What’s the Greatest Cybersecurity Threat for 2021?
By The Fullstack Academy Team
Fullstack reveals its top five cybersecurity predictions for 2021. Featuring CEO and Co-Founder David Yang and Lead Instructor Veer Dedhia.
The number of cybersecurity threats continues to grow. As one example, Forbes reports a 600% increase in attacks on cloud servers from January to April 2020. At Fullstack Cyber Bootcamp, we believe one way to make the world safer is by raising awareness. Because of this, during Cybersecurity Month, we’re asking our community to join our discussion on cyber threats for 2021 through the #2021CyberCrimeChallenge.
Challenge: What do you think is the greatest cybersecurity threat in 2021?
We’re asking experts and those within our cyber community to contribute. For those unfamiliar with cyber threats, we aim to introduce the risks of cyber crime and the ways one can protect themselves and get training. The more participants the better, as it will provide more opportunities for emerging cyber professionals to add their own points of view and network.
What is the greatest cybersecurity threat of 2021? #cybersecuritymonth
— Fullstack Academy (@fullstack) October 21, 2020
We’ve tweeted out this question—add your own to the conversation!
For students, we’ve found that emerging cyber professionals can increase their odds of career success by getting involved in cyber and infosec conversations on social media. Why? Especially in the cyber sphere, thoughtful conversation leads to networking which can lead to jobs.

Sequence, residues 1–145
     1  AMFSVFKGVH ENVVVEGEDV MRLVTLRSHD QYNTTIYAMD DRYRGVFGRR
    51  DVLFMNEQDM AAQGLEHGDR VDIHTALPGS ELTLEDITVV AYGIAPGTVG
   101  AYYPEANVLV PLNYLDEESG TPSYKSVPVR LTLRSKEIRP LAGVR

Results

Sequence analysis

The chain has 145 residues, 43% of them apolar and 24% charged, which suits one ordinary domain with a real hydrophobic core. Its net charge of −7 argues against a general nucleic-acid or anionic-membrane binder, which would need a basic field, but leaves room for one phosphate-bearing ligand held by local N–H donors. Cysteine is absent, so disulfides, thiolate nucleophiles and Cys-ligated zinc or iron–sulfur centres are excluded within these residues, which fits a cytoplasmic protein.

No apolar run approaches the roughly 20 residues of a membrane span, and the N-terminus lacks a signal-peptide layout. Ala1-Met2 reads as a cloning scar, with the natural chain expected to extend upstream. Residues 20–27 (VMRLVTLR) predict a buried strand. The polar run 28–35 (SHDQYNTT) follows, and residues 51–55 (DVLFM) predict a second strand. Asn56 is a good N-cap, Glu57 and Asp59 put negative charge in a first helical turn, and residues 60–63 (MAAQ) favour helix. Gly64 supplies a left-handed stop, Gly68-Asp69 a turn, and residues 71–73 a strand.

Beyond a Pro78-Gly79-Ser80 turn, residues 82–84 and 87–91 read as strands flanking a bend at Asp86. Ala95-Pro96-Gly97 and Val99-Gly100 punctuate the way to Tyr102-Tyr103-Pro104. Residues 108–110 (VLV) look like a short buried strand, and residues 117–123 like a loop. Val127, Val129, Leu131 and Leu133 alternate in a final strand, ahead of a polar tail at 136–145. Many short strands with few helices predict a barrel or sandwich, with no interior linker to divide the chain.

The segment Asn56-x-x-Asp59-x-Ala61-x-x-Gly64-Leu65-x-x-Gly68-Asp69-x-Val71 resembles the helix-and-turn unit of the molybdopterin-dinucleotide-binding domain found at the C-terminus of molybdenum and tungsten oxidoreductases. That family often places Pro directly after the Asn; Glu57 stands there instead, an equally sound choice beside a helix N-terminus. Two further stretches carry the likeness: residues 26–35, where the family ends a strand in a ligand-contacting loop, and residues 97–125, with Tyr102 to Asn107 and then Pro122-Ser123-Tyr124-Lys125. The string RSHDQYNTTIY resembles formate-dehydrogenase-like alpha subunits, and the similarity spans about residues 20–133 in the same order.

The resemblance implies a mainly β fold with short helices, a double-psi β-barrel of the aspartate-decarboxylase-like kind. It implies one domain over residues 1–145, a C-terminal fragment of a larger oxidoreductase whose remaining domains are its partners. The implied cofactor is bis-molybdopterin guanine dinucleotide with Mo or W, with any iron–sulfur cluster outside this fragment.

Potential Cyber Risks in 2021
Are you a beginner who needs more insight into the cyber landscape before making your prediction? We’ve got you covered. Read below for five cybersecurity threats we anticipate in 2021. Feel free to pull from these to make your own prediction, or use them as a launch pad to research other risks.
Five Risks in 2021
There’s an endless list of cyber threats out there and cyber crimes always evolve. In 2020 at the corporate level, Forbes reports a 238% rise in cyber attacks on banks. At the individual level, crimes from serious threats like ID theft to smaller but surprising threats like pet scams are rampant—for example, the Better Business Bureau reports that currently up to 85% of “breeders” posting pictures of puppies for sale on sites like Craigslist are scammers.
Of the many threats that may affect the world in 2021, we’ve nailed down five that we think will be especially impactful in the upcoming year.
- Evolution of Ransomware Strategies